Namespaces add extensive complexity to solve a minor problem. Many people who train or otherwise help others with XML can testify that namespaces are by far the hardest concept for users and developers to grasp. Namespaces complicate all derived specifications and software enormously. If MicroXML was to take a stand on simplicity, it had to take a stand against namespaces.
If you design new vocabularies with MicroXML, you might find that you miss XML namespaces far less than you might think. The difficulties come in adapting existing XML vocabularies that do use namespaces. In such cases, you must use transforms to strip namespaces during MicroXML phases, and reconstruct the namespaces for XML phases. The MicroXML community is working on tools and conventions to help with this process.
The prohibition on prefixes also means, for example, that you must use
lang rather than
xml:lang. However, MicroXML does not provide any special support for such attributes; vocabularies must set conventions for them.
This section uses a fairly complete, real-world example of typical XML to show how it looks as MicroXML. Atom is a good sample format because it often includes a mix of namespaces. Listing 1 is based on a listing in the "Process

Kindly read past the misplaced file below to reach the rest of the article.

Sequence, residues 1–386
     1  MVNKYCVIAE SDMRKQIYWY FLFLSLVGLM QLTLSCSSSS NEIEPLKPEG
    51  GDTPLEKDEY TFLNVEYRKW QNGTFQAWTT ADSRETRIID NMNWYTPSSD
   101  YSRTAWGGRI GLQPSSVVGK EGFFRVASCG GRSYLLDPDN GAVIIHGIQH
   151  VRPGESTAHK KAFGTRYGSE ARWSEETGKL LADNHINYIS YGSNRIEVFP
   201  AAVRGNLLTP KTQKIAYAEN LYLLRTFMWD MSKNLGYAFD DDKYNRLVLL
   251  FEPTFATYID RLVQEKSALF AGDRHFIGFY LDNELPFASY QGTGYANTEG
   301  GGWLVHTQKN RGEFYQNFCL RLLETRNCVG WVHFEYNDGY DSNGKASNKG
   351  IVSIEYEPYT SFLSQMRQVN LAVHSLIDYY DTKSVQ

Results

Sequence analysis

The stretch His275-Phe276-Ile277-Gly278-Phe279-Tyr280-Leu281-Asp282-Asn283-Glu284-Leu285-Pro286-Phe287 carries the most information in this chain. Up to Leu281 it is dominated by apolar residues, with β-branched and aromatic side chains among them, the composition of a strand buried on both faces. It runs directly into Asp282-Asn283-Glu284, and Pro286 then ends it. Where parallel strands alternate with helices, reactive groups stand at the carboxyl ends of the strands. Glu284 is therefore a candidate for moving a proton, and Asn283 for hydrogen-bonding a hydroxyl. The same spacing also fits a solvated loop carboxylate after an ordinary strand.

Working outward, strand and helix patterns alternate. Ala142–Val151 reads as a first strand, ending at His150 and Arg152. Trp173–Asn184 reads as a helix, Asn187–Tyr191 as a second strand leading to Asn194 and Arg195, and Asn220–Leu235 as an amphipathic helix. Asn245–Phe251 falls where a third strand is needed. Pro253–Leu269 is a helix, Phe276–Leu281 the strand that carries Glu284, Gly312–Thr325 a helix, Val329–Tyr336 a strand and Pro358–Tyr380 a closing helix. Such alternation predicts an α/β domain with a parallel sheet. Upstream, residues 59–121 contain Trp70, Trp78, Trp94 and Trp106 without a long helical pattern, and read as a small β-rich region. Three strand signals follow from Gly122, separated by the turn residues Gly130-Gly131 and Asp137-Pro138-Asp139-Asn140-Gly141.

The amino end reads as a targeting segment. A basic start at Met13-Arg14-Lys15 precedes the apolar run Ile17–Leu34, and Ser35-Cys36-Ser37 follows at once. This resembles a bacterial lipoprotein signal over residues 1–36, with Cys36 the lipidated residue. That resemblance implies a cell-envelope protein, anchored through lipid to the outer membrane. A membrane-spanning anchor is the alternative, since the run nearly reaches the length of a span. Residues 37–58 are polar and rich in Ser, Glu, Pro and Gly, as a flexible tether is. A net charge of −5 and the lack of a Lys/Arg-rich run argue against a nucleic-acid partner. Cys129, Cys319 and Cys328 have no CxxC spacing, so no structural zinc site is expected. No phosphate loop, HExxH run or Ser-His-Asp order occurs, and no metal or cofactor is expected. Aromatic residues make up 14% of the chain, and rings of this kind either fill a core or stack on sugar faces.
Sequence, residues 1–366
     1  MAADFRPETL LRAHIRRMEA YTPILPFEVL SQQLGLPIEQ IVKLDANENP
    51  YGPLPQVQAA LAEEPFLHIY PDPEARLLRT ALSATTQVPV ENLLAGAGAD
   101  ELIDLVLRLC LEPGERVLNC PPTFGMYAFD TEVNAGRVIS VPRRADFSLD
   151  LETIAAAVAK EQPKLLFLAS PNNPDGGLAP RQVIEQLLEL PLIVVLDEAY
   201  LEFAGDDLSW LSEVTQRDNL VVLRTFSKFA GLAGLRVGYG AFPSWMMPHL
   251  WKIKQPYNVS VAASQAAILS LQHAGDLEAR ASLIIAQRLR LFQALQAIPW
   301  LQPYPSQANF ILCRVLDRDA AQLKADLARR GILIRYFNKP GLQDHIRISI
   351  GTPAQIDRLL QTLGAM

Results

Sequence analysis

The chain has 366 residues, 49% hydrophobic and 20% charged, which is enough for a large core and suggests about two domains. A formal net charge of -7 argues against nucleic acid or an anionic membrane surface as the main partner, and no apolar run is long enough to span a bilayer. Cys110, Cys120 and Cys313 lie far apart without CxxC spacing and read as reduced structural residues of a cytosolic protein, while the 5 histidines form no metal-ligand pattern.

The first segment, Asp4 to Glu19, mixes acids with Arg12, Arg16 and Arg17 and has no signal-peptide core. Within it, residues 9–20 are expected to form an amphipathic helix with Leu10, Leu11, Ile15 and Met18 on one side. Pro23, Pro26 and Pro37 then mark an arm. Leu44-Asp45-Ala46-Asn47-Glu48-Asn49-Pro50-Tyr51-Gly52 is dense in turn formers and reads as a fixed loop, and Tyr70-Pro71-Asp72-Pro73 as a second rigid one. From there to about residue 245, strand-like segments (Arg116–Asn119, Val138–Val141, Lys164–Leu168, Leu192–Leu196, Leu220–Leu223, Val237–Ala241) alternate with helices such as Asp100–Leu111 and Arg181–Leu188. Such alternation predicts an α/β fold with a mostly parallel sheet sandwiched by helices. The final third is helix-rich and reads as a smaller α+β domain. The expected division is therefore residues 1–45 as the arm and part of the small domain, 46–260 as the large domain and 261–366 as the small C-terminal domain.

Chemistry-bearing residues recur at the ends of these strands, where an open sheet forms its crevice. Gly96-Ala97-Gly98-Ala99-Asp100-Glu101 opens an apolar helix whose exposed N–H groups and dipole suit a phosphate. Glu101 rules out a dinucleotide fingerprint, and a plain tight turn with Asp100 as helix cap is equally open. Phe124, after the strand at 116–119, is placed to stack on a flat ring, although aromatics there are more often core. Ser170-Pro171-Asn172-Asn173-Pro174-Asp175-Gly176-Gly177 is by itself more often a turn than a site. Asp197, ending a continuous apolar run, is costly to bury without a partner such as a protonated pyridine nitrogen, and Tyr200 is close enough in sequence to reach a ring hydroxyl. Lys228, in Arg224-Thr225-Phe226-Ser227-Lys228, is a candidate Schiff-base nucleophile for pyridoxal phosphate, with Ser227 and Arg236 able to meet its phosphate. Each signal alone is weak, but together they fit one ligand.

Atom 1.0 with XSLT" tutorial on developerWorks. I removed one of the
entry elements and used a namespace prefix of
a for all the core Atom elements, such as
feed, to help illustrate changes to namespaces in MicroXML.
Listing 1. Typical XML
<?xml version="1.0" encoding="utf-8"?> <a:feed xmlns:a="http://www.w3.org/2005/Atom" xmlns="http://www.w3.org/1999/xhtml" xml:lang="en" xml:base="http://copia.ogbuji.net"> <a:id>http://copia.ogbuji.net/atom1.0</a:id> <a:title>Copia</a:title> <a:updated>2005-07-15T12:00:00Z</a:updated> <a:author> <a:name>Uche Ogbuji</a:name> <a:uri>http://uche.ogbuji.net</a:uri> </a:author> <a:link href="/blog" /> <a:link rel="self" href="/blog/atom1.0" /> <a:entry> <a:id>http://copia.ogbuji.net/blog/2005-09-16/xhtml</a:id> <a:title>XHTML tutorial pubbed</a:title> <a:link href="http://copia.posterous.com/xhtml-tutorial-pubbed"/> <a:category term="xml"/> <a:category term="css"/> <a:category term="xhtml"/> <a:updated>2005-07-15T12:00:00Z</a:updated> <a:content type="xhtml"> <div> <p> <a href="http://www.ibm.com/developerworks/edu/x-dw-x-xhtml-i.htm"> "XHTML, step-by-step" </a> </p> <blockquote> <p>Start working with Extensible Hypertext Markup Language. In this tutorial, author Uche Ogbuji shows you how to use XHTML in practical Web sites.</p> </blockquote> <p>In this tutorial</p> <ul> <li>Tutorial introduction</li> <li>Anatomy of an XHTML Web page</li> <li>Understand the ground rules</li> <li>Replace common HTML idioms</li> <li>Some practical considerations</li> <li>Wrap up</li> </ul> </div> </a:content> </a:entry> </a:feed>